Knot a Problem

Knot a Problem

Aaron Lauda uses knot theory, a field of mathematics that studies properties of knots and distinguishes them from one another, in his classroom lessons.
Susan Bell

For their aesthetics and spiritual symbolism, knots have fascinated humans since prehistory. Mathematicians have been drawn to the study of knots since the 18th century.

First developed in 1771, becoming a discipline in the 19th century, knot theory is simply the study of mathematical knots.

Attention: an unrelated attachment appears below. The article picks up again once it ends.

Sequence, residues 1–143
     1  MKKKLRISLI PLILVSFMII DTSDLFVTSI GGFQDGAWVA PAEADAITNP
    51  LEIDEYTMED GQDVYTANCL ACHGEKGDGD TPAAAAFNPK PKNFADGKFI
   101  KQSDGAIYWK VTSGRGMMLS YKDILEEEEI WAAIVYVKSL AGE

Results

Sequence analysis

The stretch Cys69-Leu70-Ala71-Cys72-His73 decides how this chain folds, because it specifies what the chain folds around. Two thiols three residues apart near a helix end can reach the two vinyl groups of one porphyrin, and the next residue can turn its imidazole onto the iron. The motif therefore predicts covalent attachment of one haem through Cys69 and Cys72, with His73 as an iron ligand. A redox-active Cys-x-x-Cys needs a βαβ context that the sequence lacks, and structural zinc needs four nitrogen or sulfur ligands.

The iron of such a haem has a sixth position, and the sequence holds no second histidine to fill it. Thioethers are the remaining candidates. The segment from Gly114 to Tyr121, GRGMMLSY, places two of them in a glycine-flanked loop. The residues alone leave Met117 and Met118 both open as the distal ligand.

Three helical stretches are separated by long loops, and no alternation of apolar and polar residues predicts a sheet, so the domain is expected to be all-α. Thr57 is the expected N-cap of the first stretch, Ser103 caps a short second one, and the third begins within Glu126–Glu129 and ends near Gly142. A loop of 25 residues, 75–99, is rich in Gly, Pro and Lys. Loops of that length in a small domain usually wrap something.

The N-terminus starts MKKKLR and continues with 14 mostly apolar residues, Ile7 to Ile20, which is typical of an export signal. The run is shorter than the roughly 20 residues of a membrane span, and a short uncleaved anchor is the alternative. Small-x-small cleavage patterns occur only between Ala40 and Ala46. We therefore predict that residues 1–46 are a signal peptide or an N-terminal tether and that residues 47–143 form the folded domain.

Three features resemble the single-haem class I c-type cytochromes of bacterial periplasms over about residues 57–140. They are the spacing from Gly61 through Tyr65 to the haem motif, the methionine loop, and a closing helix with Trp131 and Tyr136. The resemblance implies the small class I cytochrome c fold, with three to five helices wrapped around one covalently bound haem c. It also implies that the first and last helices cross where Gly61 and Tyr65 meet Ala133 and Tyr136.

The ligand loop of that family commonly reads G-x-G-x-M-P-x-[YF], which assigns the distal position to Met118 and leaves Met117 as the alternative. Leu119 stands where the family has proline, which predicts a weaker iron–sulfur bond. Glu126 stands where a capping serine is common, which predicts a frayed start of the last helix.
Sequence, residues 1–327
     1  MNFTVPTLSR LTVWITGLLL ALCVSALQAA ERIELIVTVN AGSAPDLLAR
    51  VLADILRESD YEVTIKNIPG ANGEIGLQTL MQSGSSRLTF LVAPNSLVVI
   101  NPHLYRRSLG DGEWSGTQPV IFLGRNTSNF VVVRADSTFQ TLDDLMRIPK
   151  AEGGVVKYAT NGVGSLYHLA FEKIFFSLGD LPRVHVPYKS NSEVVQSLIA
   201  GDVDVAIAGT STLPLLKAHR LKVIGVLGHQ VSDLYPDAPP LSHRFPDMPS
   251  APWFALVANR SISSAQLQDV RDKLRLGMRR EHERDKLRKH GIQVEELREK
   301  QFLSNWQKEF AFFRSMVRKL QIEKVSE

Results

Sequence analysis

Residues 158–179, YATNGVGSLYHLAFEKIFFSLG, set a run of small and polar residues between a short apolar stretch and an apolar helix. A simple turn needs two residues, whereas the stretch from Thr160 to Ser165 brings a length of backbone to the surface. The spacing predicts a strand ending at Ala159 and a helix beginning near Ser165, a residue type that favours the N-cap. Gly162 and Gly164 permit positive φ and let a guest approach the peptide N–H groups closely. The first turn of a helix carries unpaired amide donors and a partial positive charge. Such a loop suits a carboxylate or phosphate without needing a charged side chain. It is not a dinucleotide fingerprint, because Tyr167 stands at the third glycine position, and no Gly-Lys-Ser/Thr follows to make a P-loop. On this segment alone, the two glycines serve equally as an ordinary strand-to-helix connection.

“If you take a piece of rope and tie an arbitrary knot and then seal the ends together, how can we tell if any two knots are the same?” asked Aaron Lauda, professor of mathematics at USC Dornsife. “Knot theory provides a series of tools and techniques we can use to determine that.”

Lauda uses knot theory to teach students how mathematical knowledge is acquired and processed. He demonstrates by laying a knotted rope flat on a table so all of the crossing points are clearly visible.

“By looking at the diagram of this knot, I can calculate a polynomial unique to this knot,” Lauda said. “By wiggling two knots around I can maybe make them look the same, but if their polynomials are not equal then we know the knots are not identical.”